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Trial begins for Dodge County LDS leader accused of sexually assaulting juvenile

Michael Adam Davis, 37, is facing multiple felony charges for allegedly sexually assaulting a juvenile as a church leader in Dodge County.

Michael-Davis.png
Michael Adam Davis.
Contributed / Dodge County Sheriff's Office
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MANTORVILLE — The first day of the trial for a Dodge Center man charged with sexually assaulting a minor he met through his position as a men’s leader at The Church of Latter-Day Saints in Kasson began Tuesday.

A jury of eight men and six women heard opening statements and testimony from two state witnesses against Michael Adam Davis, 37, who is facing two charges of felony first-degree criminal sexual conduct, two counts of second-degree criminal sexual conduct and one charge of indecent exposure in the presence of a minor with a previous conviction.

“Mr. Davis used and then abused a family’s trust, a 13-year-old boy’s trust and members of his church’s trust,” Olmsted Assistant County Attorney Geoffrey Hjerleid said in his opening statement, later adding that Davis did so from a position of authority over the juvenile.

Davis was the Elders Quorum President at The Church of Latter-Day Saints in Kasson. He has since been removed from any positions in the congregation according to Randal Thomas, president of the Rochester Minnesota Stake of The Church of Jesus Christ of Latter-day Saints.

Hjerleid, from Olmsted County, is prosecuting the Dodge County case due to a previous staffing shortage in the Dodge County Attorney’s Office.

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Hjerleid told the jury he plans on describing in detail what the victim accuses Davis of doing during Christmas break in 2019.

Davis’ defense counsel, Thomas Braun, of Rochester, told the jury to scrutinize witnesses carefully due numerous areas of reasonable doubt.

“This case is about one thing, credibility,” Braun said in his opening statement. “The credibility of (the alleged victim).”

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The Post Bulletin generally does not name alleged survivors of sexually assault.

District Judge Jodi Williamson is presiding over the case.

Both Braun and Hjerleid told the jury that testimony from the alleged victim may be inconsistent. Though, Hjerleid said this may be due to the juvenile’s age and trauma while Braun said the evidence is inconsistent, and the accusations only emerged following an alleged fist fight with another juvenile.

Jurors heard from Olmsted County Sheriff’s Sgt. Scott Prins, the law enforcement officer who pulled Davis over Feb. 17, 2019, the initial incident that triggered law enforcement’s eventual investigation into Davis.

Prins, a 17-year veteran of the Olmsted County Sheriff’s Office, told the jury that he originally pulled Davis over while on patrol in Dodge Center. Prins said he could see, what turned out to be the alleged victim in this case, moving around in the vehicle Davis was driving in a way where he knew he was not buckled.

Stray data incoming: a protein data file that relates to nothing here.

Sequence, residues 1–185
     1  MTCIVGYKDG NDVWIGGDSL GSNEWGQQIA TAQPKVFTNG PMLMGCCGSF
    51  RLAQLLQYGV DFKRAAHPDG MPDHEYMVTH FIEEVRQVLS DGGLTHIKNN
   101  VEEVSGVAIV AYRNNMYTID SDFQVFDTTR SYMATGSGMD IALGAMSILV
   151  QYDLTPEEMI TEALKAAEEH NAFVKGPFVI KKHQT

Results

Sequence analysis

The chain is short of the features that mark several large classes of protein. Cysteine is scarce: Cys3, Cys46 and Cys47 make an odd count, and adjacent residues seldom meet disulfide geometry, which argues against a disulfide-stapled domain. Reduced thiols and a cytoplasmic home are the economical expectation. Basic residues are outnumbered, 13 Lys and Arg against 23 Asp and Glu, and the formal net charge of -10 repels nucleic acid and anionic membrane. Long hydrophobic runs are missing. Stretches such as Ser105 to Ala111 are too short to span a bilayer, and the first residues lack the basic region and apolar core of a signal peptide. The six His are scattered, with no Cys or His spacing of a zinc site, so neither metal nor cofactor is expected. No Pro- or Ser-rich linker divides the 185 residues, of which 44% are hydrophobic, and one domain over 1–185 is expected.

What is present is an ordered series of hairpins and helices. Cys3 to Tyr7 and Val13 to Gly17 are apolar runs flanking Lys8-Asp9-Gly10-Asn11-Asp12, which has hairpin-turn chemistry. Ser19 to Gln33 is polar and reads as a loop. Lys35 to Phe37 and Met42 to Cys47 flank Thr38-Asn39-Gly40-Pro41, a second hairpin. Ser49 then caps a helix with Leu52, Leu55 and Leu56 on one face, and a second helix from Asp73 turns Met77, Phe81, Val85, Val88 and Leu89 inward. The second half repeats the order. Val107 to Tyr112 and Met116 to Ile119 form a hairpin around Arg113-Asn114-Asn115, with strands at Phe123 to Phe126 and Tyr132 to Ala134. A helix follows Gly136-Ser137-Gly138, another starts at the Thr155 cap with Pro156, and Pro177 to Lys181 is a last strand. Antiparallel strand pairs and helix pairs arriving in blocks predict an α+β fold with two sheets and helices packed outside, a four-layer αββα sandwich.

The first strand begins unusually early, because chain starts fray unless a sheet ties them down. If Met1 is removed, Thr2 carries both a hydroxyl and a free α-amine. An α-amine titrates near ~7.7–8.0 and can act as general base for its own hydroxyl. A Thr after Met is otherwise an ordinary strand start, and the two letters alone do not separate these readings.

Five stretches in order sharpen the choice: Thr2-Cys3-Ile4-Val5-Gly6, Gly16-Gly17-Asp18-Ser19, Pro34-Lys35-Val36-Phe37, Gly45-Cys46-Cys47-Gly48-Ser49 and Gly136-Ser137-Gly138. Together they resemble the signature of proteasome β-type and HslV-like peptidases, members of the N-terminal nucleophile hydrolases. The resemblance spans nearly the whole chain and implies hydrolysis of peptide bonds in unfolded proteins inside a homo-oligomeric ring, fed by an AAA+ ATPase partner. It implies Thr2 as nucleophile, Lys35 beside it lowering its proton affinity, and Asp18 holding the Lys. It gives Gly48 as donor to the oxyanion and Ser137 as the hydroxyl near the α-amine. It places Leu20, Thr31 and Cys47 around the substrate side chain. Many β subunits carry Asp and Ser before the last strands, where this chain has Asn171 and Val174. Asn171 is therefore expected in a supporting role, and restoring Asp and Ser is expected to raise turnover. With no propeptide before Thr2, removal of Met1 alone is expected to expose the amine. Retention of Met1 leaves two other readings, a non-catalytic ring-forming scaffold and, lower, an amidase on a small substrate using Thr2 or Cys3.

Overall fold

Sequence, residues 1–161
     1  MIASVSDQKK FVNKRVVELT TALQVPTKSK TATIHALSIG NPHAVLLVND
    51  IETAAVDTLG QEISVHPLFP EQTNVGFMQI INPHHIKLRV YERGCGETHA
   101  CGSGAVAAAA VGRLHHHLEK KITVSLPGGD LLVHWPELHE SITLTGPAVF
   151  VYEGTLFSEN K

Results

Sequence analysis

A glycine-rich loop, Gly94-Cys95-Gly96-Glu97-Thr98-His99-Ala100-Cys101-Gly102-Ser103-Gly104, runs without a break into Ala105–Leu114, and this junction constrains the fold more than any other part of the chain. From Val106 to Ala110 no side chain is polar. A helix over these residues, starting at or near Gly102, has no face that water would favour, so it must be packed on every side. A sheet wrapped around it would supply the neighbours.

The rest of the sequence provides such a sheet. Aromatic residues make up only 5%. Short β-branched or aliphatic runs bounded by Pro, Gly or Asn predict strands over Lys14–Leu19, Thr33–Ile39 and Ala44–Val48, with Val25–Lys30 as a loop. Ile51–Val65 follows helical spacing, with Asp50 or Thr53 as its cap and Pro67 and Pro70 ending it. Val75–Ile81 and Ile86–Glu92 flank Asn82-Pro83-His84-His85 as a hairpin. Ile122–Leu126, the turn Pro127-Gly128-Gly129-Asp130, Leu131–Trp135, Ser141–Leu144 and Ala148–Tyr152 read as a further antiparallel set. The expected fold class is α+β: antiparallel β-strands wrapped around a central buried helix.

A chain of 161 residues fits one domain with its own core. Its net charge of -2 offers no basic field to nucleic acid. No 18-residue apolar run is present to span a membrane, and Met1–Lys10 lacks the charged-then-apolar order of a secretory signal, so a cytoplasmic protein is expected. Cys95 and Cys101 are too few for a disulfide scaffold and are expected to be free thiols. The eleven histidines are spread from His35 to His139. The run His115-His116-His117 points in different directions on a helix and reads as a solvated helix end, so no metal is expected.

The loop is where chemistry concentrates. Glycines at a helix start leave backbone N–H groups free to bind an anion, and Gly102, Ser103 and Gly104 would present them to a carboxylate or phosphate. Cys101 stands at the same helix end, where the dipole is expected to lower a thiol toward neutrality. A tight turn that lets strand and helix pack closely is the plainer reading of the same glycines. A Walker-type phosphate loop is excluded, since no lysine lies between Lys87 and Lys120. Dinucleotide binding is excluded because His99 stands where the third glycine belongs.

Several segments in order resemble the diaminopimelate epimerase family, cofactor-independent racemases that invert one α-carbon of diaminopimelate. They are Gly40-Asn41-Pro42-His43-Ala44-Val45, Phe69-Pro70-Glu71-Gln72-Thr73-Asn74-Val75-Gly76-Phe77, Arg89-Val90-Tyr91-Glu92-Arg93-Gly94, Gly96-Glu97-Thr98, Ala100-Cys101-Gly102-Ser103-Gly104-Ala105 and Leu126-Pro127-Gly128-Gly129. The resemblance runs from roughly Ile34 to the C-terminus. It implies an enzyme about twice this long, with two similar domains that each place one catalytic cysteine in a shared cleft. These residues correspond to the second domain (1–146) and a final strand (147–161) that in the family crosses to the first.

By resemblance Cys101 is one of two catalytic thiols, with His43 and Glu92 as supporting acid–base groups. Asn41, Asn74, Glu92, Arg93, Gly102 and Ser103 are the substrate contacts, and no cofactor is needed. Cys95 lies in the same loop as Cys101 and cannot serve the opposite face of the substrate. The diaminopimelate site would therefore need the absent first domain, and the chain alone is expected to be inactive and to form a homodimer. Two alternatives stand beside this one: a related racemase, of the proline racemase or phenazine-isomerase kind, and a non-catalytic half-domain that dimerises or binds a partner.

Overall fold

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Following the traffic stop and running Davis’ plates, Prins found Davis to be a registered sex offender following convictions in 2003 and 2006 in Utah.

Prins told the jury a typical traffic stop for him would last about six to seven minutes though this one lasted more than 40 minutes due to him finding something of concern when he checked Davis’ background.

The jury was not told of Davis’ past convictions due to those convictions being inadmissible in court under Minnesota statute.

Prins told the jury that the alleged victim’s mother picked the juvenile up, and Prins told Davis to tell the mother why the stop was taking so long.
Due to the juvenile’s age, Davis was given the seat belt citation.

Under cross examination, Prins told the jury that the alleged victim did not appear to be crying or afraid.

Jurors also heard from Kasson-Mantorville School Resource Officer Jesse Kasel who questioned the alleged victim during school shortly after the traffic stop at the direction of his superior to see if the alleged victim would tell him anything.

Kasel, a 12-year veteran of the Kasson Police Department, told jurors that during his March 5 conversation with the alleged victim they talked about various things before he asked about Davis, when the juvenile became noticeably less upbeat and energetic.

“He kind of got a little bit more serious,” Kasel said in court.

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In response to being asked by Braun why he didn’t record the conversation, Kasel said his questioning wasn’t an investigation, and he was only talking to the alleged victim to see if the juvenile would disclose anything to him. If the juvenile did, Kasel said, he would have started recording.

Williamson said in court she expects the case to take up the rest of the week.

Mark Wasson has been a public safety reporter with Post Bulletin since May 2022. Previously, he worked as a general assignment reporter in the southwest metro and as a public safety reporter in Willmar, Minn. Readers can reach Mark at mwasson@postbulletin.com.
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